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Genome-wide footprints in the carob tree (Ceratonia siliqua) unveil a new domestication pattern of a fruit tree in the Mediterranean

Baumel A., Feliner G.N., Médail F., La Malfa S., Di Guardo M., Bou Dagher Kharrat M., Lakhal-Mirleau F., Frelon V., Ouahmane L., Diadema K., Sanguin H., Viruel J.. 2022. Molecular Ecology, 31 (15) : p. 4095-4111.

DOI: 10.1111/mec.16563

Intense research efforts over the last two decades renewed our understanding of plant phylogeography and domestication in the Mediterranean basin. We aim to investigate the evolutionary history and the origin of domestication of the carob tree (Ceratonia siliqua), which has been cultivated for millennia for food and fodder. We used >1000 microsatellite genotypes to delimit seven carob evolutionary units (CEUs). We investigated genome-wide diversity and evolutionary patterns of the CEUs with 3557 SNPs generated by restriction-site associated DNA sequencing (RADseq). To address the complex wild vs. cultivated status of sampled trees, we classified 56 sampled populations across the Mediterranean basin as wild, semi-natural or cultivated. Nuclear and cytoplasmic loci were identified from RADseq data and separated for analyses. Phylogenetic analyses of these genomic-wide data allowed us to resolve west-to-east expansions from a single long-term refugium likely located in the foothills of the High Atlas Mountains near the Atlantic coast. Our findings support multiple origins of domestication with a low impact on the genetic diversity at range wide level. The carob was mostly domesticated from locally selected wild genotypes and scattered long-distance westward dispersals of domesticated varieties by humans, concomitant with major historical migrations by Romans, Greeks and Arabs. Ex-situ efforts to preserve carob genetic resources should prioritize accessions from both western and eastern populations, with emphasis on the most differentiated CEUs situated in Southwest Morocco, South Spain and Eastern Mediterranean. Our study highlights the relevance of wild and seminatural habitats in the conservation of genetic resources for cultivated trees.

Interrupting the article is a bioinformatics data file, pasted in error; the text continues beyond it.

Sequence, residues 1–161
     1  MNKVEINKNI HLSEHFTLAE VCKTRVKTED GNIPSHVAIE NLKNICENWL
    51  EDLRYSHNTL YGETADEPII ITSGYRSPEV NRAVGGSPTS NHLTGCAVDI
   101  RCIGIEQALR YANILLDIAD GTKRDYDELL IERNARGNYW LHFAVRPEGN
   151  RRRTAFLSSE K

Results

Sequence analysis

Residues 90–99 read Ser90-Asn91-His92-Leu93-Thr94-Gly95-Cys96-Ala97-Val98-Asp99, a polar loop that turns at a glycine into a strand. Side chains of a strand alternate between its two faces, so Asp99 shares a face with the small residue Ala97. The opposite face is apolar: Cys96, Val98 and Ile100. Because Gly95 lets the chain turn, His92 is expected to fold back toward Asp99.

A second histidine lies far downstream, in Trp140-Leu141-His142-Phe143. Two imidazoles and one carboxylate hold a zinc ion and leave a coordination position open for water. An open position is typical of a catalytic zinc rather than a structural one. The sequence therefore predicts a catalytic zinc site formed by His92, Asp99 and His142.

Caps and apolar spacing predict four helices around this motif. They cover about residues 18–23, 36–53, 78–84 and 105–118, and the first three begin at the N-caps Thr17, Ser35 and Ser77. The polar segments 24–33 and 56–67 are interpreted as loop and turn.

Mots-clés : domestication des plantes; génome; ceratonia siliqua; biogéographie; variation génétique; microsatellite; phytogénétique; ressource génétique végétale; région méditerranéenne

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